Vancouver, British Columbia — The Insurance Bureau of Canada (IBC) reported Friday that British Columbia’s crown insurance company is on track to record a financial loss of $298 million for this year.
Vice president of IBC’s western and Pacific regions, Aaron Sutherland, called this update from the Insurance Corporation of British Columbia (ICBC) “incredibly disappointing” and said that taxpayers will likely face the brunt of this poor performance.
Sutherland’s chief complaint with ICBC is that in spite of recent changes made by the insurer, such as the no-fault claims system designed to streamline processes and save money, the corporation continues to bleed financially.
“After years of financial turmoil, the introduction of no-fault was supposed to help stabilize ICBC’s financial situation by eliminating the right to sue in most cases and introducing strict limits on the care and recovery benefits it provides. As a result, the first year of no-fault saw ICBC spend 30 percent less helping accident victims recover from their injuries. Despite this, ICBC is once again forecasting a financial loss,” he said.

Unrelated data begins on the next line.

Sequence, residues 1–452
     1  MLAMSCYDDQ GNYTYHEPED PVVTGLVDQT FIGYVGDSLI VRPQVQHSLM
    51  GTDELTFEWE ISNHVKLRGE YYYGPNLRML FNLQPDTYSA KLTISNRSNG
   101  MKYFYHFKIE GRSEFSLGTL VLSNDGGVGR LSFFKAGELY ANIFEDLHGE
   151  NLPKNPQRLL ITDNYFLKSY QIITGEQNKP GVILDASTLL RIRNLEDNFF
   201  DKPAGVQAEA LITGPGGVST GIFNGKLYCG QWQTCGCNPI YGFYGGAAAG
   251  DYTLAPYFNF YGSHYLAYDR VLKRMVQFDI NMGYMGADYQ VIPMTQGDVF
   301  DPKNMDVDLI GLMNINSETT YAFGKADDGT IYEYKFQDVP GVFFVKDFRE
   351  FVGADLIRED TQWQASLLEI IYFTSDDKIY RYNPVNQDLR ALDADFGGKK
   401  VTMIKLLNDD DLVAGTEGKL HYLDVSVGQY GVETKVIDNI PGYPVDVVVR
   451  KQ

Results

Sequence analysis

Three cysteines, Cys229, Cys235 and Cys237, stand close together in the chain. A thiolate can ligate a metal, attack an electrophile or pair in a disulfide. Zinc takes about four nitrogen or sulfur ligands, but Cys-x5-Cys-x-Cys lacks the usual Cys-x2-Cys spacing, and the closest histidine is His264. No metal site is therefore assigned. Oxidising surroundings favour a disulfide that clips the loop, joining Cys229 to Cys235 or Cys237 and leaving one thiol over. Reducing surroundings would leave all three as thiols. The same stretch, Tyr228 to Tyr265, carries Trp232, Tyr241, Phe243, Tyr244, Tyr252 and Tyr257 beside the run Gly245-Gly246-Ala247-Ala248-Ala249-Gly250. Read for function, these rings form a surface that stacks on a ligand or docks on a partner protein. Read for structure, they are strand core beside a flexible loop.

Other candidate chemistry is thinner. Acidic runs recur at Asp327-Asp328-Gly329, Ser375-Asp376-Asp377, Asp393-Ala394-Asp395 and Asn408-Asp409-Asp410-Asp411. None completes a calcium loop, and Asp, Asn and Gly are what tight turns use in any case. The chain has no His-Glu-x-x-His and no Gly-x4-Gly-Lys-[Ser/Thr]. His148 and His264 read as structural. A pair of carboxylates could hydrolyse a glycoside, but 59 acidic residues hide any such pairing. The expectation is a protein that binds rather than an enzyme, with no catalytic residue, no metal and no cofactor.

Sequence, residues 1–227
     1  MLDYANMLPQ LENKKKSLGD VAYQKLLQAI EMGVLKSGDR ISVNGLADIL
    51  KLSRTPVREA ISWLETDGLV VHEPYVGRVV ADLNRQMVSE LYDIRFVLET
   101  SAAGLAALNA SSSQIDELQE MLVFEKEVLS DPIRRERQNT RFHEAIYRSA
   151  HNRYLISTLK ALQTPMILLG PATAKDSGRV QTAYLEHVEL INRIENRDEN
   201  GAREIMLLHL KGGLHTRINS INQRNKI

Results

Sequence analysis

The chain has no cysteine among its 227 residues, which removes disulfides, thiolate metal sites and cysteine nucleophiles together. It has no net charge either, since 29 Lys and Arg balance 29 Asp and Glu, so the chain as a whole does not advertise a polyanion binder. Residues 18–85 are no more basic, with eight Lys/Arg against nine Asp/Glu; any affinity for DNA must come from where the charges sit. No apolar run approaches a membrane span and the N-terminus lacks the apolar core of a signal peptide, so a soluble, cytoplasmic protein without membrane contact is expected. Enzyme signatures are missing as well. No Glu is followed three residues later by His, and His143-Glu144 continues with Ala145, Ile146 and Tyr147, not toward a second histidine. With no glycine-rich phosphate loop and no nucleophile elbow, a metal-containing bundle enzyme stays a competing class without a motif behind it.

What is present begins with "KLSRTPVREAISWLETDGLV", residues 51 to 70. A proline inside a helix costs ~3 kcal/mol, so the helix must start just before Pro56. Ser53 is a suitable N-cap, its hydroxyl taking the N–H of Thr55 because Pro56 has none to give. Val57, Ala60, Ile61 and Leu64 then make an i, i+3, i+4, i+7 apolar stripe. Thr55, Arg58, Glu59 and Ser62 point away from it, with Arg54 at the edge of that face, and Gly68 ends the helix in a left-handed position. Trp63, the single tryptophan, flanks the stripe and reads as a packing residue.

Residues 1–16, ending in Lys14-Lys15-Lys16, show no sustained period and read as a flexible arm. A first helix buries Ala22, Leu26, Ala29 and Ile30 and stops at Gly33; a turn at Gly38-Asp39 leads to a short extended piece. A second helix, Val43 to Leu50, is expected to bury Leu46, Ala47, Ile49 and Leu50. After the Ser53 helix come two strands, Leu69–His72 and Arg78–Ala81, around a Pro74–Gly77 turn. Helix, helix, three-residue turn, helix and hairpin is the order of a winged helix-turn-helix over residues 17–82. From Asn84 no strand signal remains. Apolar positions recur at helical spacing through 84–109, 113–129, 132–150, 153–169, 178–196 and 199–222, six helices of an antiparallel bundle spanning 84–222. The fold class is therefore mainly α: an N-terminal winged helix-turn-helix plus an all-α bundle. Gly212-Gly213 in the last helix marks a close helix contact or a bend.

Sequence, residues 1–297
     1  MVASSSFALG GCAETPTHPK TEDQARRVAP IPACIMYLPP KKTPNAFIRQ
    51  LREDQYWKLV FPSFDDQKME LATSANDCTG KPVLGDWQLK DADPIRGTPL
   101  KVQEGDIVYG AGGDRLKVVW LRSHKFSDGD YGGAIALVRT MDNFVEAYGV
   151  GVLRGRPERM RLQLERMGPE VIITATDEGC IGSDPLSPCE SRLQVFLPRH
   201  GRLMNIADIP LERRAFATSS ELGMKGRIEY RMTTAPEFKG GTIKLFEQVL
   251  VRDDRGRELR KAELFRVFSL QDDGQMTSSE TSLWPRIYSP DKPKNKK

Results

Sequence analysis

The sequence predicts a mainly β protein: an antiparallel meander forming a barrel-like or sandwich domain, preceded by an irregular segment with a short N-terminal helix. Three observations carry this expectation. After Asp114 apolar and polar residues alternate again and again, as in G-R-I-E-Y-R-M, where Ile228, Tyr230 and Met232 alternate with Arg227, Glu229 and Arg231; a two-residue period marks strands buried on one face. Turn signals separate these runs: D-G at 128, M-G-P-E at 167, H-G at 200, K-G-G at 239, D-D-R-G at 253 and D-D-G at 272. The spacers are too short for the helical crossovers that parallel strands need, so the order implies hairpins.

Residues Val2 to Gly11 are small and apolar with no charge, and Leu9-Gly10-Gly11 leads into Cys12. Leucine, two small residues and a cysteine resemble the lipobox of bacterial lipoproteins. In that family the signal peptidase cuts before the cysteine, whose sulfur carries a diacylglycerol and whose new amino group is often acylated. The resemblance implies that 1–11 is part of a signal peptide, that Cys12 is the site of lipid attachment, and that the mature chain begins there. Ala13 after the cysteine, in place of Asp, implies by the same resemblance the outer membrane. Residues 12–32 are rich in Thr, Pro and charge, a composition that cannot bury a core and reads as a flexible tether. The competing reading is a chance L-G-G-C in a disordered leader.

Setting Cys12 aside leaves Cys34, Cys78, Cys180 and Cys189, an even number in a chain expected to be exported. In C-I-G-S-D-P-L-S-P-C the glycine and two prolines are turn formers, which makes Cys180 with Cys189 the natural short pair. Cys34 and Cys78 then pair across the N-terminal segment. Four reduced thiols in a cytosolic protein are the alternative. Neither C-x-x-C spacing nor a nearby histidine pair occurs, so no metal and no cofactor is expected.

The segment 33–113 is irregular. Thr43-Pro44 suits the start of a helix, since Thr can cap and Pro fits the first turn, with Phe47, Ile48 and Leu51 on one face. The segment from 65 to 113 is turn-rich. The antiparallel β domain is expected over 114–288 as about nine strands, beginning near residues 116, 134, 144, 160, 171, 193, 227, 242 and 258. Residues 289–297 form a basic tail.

The corporation recently drew criticism from IBC earlier in November, when the national insurance advocate called ICBC out for allegedly having offered fewer payouts to customers since the implementation of the “Enhanced Care” no-fault system, despite an overall increase in collision frequency.
At the time, Sutherland told The Daily Hive that “the reduction in care and recovery benefits illustrates the painful truth about ICBC’s no-fault model, and those injured are suffering the consequences.”
Since the adoption of Enhanced Care, ICBC’s Injury claim payouts in 2021/22 fell to $1.482 billion, according to ICBC’s 2021/22 Annual Service Plan report.
Prior to the policy shift, ICBC paid $2.11 billion in 2020/21 and $3.498 billion in 2018/19.
ICBC first launched its Enhanced Care system in May of 2021.